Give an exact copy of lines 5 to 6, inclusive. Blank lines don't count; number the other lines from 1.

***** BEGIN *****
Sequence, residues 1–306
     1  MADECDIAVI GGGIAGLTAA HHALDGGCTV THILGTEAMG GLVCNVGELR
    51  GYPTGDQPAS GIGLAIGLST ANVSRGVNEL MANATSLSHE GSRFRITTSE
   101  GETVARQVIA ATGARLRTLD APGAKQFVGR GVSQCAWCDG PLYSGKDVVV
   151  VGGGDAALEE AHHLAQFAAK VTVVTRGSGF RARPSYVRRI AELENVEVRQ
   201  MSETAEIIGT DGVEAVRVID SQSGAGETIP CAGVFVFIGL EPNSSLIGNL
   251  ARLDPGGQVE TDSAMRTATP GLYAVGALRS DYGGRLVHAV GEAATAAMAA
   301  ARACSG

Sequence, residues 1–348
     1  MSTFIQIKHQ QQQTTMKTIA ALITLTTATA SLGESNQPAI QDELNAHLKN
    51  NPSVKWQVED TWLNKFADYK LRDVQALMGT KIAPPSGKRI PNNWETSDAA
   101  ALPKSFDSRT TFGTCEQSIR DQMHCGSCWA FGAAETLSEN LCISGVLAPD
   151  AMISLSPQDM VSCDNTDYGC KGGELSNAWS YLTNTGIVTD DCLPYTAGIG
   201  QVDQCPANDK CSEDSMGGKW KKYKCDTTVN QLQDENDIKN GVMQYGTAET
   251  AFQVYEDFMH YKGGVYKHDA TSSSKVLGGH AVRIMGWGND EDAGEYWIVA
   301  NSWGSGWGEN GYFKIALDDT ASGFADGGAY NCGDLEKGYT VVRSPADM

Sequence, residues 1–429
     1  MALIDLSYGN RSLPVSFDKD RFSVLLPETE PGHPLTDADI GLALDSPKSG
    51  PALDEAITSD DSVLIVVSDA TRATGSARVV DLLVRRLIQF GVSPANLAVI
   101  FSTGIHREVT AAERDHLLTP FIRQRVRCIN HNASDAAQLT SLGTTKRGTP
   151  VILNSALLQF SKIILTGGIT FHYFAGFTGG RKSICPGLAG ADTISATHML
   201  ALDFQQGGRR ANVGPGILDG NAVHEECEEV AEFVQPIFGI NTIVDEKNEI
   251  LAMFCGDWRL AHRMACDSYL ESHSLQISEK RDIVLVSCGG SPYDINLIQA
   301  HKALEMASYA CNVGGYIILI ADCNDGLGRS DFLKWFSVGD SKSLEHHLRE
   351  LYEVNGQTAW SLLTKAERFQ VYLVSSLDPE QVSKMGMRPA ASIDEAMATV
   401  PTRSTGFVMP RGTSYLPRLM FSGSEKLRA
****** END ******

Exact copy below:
   151  VGGGDAALEE AHHLAQFAAK VTVVTRGSGF RARPSYVRRI AELENVEVRQ
   201  MSETAEIIGT DGVEAVRVID SQSGAGETIP CAGVFVFIGL EPNSSLIGNL